We just received from defense counsel Matt Wender at Pietragallo Gordon a copy of Moore v. Mylan, Inc., No. 11:1-CV-03037-MHS, slip op. (N.D. Ga. Jan. 5, 2012).  It’s another post-Mensing case holding:  (1) that the plaintiff can only sue a maker of the drug s/he took (whatever that might turn out to be in this case), and (2) dismissing the generic on the basis of preemption.

As to product identification, Moore, applies well-settled Georgia law:

Moreover, the plaintiff needs to establish that the product that allegedly caused the injury was in fact manufactured or supplied by the defendant.  Plaintiffs allegations in her complaint fail to state a claim for strict liability under Georgia law . . . Third, setting aside the lack of specific factual information regarding [defect claims], plaintiff has not even alleged that a phenytoin product designed or manufactured by [one or the other of the defendants] proximately caused plaintiffs injuries.  It is unclear from plaintiffs complaint whether [the branded or generic defendant] manufactured, distributed, supplied, or sold the product that the decedent ingested.

Moore, slip op. at 12-14 (citations omitted); accord id. at 32 (additional causes of action).  Plaintiff’s complaint was so poorly pleaded that that product identification was wholly lacking as to any defendant.  Other branded related rulings are:  (1) all warning claims other than as to the plaintiff’s physician are barred by the learned intermediary rule, id. at 9-10; and (2) fraud claims were not pleaded with particularity, id. at 29-30.

As to preemption, the court held that the fact that the defendant generic was also a reference listed drug (“RLD”) did not preclude preemption.  As far as we know, Moore is the first decision thoroughly discussing RLD issues.  The court holds:  (1) that being the RLD for one strength of a generic product does not give the generic manufacturer the ability to change the label unilaterally on another strength of drug.  “Thus, because 100-mg and 300-mg are two different products, plaintiff has not shown any authority that would have required [defendant] to change the label of 100-mg to conform to the 300-mg label.”  Slip op. at 21-22.  (2) The RLD for the strength that the plaintiff used continued to be a branded product, therefore the Mensing rationale for preemption fully applied.  Id. at 22.  (3) There’s no authority that becoming an RLD gives a generic manufacturer rights to change the label unilaterally:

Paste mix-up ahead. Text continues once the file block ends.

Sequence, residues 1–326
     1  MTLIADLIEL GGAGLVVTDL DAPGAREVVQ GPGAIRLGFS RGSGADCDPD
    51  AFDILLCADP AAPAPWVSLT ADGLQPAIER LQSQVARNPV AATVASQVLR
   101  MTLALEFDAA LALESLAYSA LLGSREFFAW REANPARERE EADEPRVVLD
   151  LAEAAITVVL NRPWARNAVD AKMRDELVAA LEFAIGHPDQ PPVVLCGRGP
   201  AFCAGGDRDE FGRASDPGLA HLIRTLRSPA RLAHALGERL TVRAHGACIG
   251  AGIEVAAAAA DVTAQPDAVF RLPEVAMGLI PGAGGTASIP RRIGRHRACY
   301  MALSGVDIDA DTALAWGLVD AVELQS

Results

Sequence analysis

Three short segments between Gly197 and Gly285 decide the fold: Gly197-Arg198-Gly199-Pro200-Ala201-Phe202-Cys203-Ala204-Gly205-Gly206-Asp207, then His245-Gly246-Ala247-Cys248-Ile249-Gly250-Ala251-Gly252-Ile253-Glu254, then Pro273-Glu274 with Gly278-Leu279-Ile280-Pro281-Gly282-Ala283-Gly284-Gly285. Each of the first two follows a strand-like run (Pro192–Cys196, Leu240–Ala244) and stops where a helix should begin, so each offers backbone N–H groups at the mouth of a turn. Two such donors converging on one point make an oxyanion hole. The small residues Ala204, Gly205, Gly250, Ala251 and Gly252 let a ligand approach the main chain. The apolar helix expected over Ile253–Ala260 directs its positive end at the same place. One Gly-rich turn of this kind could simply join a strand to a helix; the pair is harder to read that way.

[P]laintiff has not shown how [defendant] acquired all of the same rights as a brand name drug manufacturer simply by manufacturing one drug that was an RLD.  Plaintiff has not shown that [defendant’s] manufacture of one RLD converted [defendant] into brand name drug manufacturer with the right to use the CBE process to change the label of any of its drugs.

Id. at 21-22.

Another notable generic preemption ruling in Moore is that any claim that the defendant should simply have stopped selling its product is preempted.  Id.  at 34 n.14.

Plaintiff was given leave to file an “amended complaint [that] should address the concerns in this order.”  Id. at 37.

We’ll be adding Moore to both our generic preemption and branded/generic scorecards.